The Saudi Arabia-led coalition in Yemen was named on a list of child rights violators, but subsequently was removed after reportedly threatening to break relations with the UN. Foreign Policy’s Colum Lynch investigates.
S audi Arabia threatened this week to break relations with the United Nations and cut hundreds of millions of dollars in assistance to its humanitarian relief and counterterrorism programs to strong-arm the U.N. into removing Riyadh and its allies from a blacklist of groups that are accused of harming children in armed conflict.
The threat — which has not been previously reported — worked, and the U.N. subsequently dropped the Saudis from a rogues’ gallery of the world’s worst violators of children’s rights in conflict zones.
In their Monday warning, senior Saudi diplomats told top U.N. officials Riyadh would use its influence to convince other Arab governments and the Organization of Islamic Cooperation to sever ties with the United Nations, the officials said. The threats were issued in a series of exchanges between top Saudi officials in Riyadh, including Saudi Foreign Minister Adel al-Jubeir, according to U.N.-based officials. The Saudi mission to the United Nations did not respond to a request for comment Tuesday afternoon.
Riyadh was enraged after U.N. Secretary-General Ban Ki-moon included the Saudi-led military coalition in Yemen on a list of countries, rebel movements, and terrorist organizations that killed, maimed, or otherwise abused children in conflict. The 40-page report — which was issued last week and primarily written by Leila Zerrougui, the U.N. chief’s special representative for children and armed conflict — claimed the coalition was responsible for about 60 percent of 1,953 child deaths and injuries in Yemen since last year.
The report noted a fivefold increase in child recruitment and use in armed groups, particularly after the start of the Saudi-led intervention in Yemen. The UN attributed 72% of verified cases of recruitment (762 children in total) to the Houthis, followed by pro-government popular committees (15%) and al-Qaeda in the Arabian Peninsula (9%).
Hoping to mollify the Saudis, Ban issued a statement Monday saying he would remove the Saudi-led coalition from the list, pending a review of the matter by a joint U.N. and Saudi panel. The reversal triggered a wave of criticism of the U.N. from human rights groups, who accused Ban of caving to Saudi intimidation.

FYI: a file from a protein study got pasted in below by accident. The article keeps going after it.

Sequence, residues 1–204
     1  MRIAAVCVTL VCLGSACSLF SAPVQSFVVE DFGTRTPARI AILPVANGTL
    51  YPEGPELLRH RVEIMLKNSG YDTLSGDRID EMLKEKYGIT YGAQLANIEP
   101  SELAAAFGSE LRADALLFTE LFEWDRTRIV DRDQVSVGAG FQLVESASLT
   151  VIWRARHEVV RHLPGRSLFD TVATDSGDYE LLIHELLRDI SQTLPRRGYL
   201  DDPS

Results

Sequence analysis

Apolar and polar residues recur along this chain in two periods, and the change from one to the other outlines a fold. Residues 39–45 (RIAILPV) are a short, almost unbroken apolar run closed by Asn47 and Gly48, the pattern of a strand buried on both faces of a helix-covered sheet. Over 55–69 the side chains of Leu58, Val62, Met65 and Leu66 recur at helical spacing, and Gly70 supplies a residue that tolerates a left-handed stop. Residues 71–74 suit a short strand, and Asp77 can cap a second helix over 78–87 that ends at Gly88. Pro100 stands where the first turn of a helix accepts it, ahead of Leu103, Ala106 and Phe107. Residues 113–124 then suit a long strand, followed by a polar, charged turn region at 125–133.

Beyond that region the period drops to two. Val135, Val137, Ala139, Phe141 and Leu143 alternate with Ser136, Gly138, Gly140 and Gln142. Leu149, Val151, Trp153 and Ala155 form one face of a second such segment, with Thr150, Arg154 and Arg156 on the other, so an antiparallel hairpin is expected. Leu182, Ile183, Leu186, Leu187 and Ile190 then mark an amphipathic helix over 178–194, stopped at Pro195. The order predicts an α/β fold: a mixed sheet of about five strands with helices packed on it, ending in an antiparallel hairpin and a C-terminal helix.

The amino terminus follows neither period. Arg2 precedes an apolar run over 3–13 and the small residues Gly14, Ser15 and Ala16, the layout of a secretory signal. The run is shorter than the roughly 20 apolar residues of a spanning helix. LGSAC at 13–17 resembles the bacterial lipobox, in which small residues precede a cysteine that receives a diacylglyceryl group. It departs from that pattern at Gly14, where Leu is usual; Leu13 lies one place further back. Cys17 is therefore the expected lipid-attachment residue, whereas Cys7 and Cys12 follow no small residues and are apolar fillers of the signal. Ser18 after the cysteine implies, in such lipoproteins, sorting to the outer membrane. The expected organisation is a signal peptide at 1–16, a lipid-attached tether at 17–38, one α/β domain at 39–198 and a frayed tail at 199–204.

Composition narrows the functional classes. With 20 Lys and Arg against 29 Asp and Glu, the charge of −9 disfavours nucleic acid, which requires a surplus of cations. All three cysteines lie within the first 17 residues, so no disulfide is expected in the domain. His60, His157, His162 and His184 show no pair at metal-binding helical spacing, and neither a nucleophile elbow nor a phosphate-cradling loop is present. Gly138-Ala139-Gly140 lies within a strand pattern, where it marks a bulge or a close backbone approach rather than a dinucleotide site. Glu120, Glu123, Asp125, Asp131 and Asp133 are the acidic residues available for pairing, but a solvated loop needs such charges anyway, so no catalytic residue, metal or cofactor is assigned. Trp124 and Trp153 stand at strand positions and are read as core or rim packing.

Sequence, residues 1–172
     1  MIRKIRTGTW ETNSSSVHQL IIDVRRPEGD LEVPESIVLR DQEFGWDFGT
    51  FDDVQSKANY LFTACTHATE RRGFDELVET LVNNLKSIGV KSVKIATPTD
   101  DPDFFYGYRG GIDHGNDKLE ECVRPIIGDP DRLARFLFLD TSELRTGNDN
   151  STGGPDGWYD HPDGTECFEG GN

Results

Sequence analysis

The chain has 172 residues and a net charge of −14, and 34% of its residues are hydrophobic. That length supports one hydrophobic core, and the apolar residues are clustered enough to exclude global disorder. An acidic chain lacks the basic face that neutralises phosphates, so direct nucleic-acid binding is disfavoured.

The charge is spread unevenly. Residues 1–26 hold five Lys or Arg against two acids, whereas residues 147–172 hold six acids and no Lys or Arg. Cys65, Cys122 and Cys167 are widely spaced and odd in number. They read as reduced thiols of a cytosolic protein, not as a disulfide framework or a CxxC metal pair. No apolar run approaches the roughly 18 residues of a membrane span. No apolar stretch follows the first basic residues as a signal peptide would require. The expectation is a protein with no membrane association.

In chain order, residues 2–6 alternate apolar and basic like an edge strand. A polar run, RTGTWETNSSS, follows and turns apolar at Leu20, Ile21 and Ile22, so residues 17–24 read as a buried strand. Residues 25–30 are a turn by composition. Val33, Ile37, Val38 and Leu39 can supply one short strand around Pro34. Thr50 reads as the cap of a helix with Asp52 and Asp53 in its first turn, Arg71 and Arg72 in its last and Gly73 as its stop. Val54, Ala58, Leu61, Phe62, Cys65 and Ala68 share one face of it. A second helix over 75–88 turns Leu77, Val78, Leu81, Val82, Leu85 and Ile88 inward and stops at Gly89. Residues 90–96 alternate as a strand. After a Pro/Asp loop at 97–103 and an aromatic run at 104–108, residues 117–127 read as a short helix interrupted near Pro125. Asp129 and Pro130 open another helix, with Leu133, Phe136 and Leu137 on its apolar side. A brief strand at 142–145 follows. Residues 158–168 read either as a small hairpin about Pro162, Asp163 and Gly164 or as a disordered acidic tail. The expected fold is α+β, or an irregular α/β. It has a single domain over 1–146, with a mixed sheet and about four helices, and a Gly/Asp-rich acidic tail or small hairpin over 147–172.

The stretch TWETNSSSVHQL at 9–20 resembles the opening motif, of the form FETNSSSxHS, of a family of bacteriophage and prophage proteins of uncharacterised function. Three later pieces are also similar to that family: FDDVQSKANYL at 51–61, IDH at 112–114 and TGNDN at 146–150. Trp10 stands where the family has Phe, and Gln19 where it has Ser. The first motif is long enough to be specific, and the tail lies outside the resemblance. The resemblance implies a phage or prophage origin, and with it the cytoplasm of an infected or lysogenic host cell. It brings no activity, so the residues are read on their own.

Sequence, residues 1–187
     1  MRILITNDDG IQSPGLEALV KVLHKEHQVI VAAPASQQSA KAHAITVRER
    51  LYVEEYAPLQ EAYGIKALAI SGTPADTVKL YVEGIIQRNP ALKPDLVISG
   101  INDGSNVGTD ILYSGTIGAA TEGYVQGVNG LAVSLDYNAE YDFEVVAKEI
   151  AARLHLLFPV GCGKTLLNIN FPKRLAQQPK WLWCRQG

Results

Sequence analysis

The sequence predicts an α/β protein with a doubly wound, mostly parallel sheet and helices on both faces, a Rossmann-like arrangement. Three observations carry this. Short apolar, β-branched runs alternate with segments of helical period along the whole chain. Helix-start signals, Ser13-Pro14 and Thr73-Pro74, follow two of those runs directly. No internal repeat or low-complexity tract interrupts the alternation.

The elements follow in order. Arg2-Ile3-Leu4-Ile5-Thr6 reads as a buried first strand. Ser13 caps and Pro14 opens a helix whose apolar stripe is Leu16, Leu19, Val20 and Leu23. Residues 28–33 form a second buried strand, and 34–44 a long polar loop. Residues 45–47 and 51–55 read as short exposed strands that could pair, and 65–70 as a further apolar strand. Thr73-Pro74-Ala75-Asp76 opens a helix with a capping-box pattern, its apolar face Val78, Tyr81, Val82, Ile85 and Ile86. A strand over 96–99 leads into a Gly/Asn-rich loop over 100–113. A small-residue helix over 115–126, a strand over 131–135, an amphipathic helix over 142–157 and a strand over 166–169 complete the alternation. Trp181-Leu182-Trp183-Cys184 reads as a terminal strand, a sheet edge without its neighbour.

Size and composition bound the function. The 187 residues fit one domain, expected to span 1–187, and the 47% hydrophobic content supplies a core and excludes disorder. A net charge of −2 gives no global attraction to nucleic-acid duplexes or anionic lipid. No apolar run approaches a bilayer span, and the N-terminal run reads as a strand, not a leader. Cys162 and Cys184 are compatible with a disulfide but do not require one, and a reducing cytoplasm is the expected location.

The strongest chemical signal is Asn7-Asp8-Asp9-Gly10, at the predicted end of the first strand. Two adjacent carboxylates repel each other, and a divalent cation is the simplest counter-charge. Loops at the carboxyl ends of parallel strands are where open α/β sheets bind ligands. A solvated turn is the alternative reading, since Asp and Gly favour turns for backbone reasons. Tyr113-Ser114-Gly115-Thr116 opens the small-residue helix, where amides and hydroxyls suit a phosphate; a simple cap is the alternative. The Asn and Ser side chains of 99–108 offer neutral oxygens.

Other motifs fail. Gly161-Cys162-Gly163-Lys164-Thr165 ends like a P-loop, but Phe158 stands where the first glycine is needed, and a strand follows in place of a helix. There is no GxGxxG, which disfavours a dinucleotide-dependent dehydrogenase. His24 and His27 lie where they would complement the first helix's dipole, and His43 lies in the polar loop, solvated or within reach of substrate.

“It appears that political power and diplomatic clout have been allowed to trump the U.N.’s duty to expose those responsible for the killing and maiming of more than 1,000 of Yemen’s children,” Sajjad Mohammad Sajid, Oxfam’s country director in Yemen, said in a statement. “The decision to retract its finding is a moral failure and goes against everything the U.N. is meant to stand for.”
The Saudi threat reflects a growing trend by U.N. member states to threaten retaliation against Turtle Bay for challenging their human rights records.
In March, Morocco expelled 84 international staffers from a U.N. peacekeeping mission in the disputed Western Sahara region after Ban characterized the territory as “occupied.” Last year, the United States warned that Congress might cut off funding to the U.N. if it included Israel on the same blacklist of armed entities that killed or injured children in conflict, according to two U.N. diplomatic officials who spoke on the condition of anonymity. In that case, Ban removed Israel from a draft blacklist before it was made public.
Pushing Monday for Riyadh to be delisted, Saudi Arabia’s U.N. ambassador, Abdallah al-Mouallimi, said it was unfair for Israel to be quietly let off the hook, while the kingdom initially was not.
The Houthis/Ansar Allah and the Saudi Arabia-led coalition are listed for killing and maiming and attacks on schools and hospitals.”
“We have to ask the question: Why was Israel removed from the list last year?” Mouallimi said. “Israel has been guilty of crimes against children that are far in excess of even the inaccurate numbers that report contains about Yemen.”
At the time, Israel said it should not be part of a list that also included outlawed extremist groups like the Islamic State, al Qaeda, and the Taliban. Israel also maintained it continually sought to protect civilians from its warfare with Palestinian armed groups.
Mouallimi said he protested Saudi Arabia’s inclusion on the 2016 list in a face-to-face meeting Monday morning with U.N. Deputy Secretary-General Jan Eliasson and said Ban had shown “wisdom” in striking Israel from the tally in 2015. “We fail to see why he has not exercised the same wisdom in this report this year,” Mouallimi said.
But hours later, Mouallimi praised Ban for seeing the light and reversing his position.
Taking Riyadh off the list “clearly vindicates” the Saudi-led coalition in Yemen, he told reporters. The U.N. decision, he insisted, is “irreversible and unconditional.”
In an unusually frank statement, Mr. Ban told reporters on Thursday that he had been threatened with the withdrawal of funding for humanitarian operations in Syria, South Sudan and the Palestinian territories if he did not temporarily remove the Saudi-led coalition from the list. "I also had to consider the very real prospect that millions of other children would suffer grievously if, as was suggested to me, countries would defund many UN programs," the UN secretary-general said. Mr. Ban added that it was "unacceptable for member states to exert undue pressure". Ambassador Mouallimi denied undue pressure had been exerted.